“The achievement of a world free from poverty provides a path towards the achievement of peaceful and inclusive societies…” (United Nations, Concept Note)
Today, October 17th, is the International Day for the Eradication of Poverty. Here at Interval House, we see survivors come from all walks of life with hopes of a future for themselves and their children that is not dictated and threatened by their abusers. Intimate partner violence doesn’t discriminate; it can affect people from diverse socio-economic backgrounds. However, in the campaign to end intimate partner violence, and violence against women, we cannot ignore the increased barriers that women, non-binary and transgender survivors of colour who are living in poverty face as they attempt to rebuild their lives and break the cycle of abuse. For intimate partner violence to be eradicated, we must address systemic poverty and a lack of accessible social services.
Municipal, provincial, and federal poverty strategies must be developed with input from the affected communities to address the specific needs of vulnerable sections of the population, such as Indigenous peoples, racialized communities, and survivors of intimate partner violence. In the Interval House Barriers Report our team researched and identified the barriers to employment and employability that abuse survivors can face. Two of the most significant barriers to economic stability and comfort are access to affordable housing and childcare.
These two barriers in particular can obstruct a survivor’s ability to gain and maintain secure employment and can perpetuate poverty for the whole family. At Interval House, our goal is to support our clients in overcoming their experiences with abuse and becoming empowered and self-sufficient in their futures. For a survivor living in poverty who lacks the means to keep a roof over her head or food on her children’s plates, remaining in, or going back to, an abusive relationship may feel like the only option. In that way, poverty can exacerbate the disparity of control and power that is fundamental to abusive relationships. This reality underscores the fact that access to subsidized housing and childcare can not only help bring a family out of poverty, it can also help end the cycle of abuse.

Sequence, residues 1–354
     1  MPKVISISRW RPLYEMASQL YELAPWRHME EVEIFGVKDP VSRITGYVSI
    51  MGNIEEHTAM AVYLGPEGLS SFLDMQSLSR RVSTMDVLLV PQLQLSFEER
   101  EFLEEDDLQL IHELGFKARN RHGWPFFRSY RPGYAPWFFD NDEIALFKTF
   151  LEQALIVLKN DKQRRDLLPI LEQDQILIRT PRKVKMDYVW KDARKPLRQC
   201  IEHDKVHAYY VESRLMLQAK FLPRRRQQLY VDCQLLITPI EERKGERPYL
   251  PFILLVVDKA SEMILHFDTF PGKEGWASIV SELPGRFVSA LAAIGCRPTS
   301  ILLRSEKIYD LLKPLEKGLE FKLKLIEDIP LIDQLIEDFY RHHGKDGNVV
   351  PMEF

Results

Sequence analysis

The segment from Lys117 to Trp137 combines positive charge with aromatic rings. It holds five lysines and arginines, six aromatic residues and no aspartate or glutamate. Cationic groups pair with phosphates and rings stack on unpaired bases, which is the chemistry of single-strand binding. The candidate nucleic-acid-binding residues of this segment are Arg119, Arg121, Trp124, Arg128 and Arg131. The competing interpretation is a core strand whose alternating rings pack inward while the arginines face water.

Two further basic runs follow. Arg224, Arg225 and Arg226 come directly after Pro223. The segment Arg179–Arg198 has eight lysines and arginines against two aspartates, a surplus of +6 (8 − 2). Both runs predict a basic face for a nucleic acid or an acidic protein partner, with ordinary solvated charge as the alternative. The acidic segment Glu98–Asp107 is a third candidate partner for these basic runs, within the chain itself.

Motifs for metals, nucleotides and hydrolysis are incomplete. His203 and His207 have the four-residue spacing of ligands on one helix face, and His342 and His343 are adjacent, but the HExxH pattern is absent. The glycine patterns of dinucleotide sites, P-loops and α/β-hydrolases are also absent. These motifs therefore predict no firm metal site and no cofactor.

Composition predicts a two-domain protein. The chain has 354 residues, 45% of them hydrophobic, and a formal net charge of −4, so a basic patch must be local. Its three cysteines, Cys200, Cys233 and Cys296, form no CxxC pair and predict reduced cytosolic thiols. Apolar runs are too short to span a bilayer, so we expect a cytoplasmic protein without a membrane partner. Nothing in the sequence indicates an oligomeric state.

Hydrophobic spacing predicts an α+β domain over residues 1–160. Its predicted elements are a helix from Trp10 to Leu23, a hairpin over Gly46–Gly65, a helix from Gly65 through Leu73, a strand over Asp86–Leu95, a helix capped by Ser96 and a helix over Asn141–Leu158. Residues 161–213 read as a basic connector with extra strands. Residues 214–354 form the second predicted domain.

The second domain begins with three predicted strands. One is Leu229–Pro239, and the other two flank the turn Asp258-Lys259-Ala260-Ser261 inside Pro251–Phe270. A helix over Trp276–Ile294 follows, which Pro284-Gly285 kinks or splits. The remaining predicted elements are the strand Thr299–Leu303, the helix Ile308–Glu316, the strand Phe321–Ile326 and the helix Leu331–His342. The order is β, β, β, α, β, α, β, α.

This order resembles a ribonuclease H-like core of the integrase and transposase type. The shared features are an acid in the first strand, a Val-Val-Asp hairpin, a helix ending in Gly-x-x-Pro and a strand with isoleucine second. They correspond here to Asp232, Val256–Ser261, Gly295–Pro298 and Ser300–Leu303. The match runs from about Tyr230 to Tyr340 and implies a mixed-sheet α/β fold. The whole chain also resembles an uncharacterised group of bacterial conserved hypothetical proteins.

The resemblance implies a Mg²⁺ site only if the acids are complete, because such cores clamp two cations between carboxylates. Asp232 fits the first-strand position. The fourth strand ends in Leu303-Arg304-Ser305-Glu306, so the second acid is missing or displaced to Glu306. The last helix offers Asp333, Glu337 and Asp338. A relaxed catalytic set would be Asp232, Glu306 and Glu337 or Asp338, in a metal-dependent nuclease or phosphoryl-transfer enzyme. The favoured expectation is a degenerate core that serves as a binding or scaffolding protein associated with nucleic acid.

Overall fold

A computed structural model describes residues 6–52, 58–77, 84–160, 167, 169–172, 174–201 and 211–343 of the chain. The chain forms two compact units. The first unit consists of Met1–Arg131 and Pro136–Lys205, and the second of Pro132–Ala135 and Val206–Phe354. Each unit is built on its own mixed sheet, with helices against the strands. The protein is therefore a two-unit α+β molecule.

Right now, the average cost of a one bedroom rental in Toronto is a staggering $2,220. In December 2017, the median cost for infant care in Toronto was $1,758 a month. For many women who have bravely fled abusive relationships, this price tag is an impenetrable barrier keeping them below the poverty line and dependent on a social assistance program that itself is criticized for making it very difficult for people to become self-sufficient. A national affordable housing strategy that names housing as a human right and an affordable childcare strategy are the most effective ways the government can act to lessen the pressure on vulnerable individuals and populations. These supports could empower those who have lived through severe trauma to regain their independence and rebuild their lives.
It’s so important to acknowledge the connection between poverty and intergenerational family violence. By advocating for poverty reduction strategies and investing in social programs, we can foster peaceful societies, and communities where vulnerable populations are supported and the cycle of abuse is broken.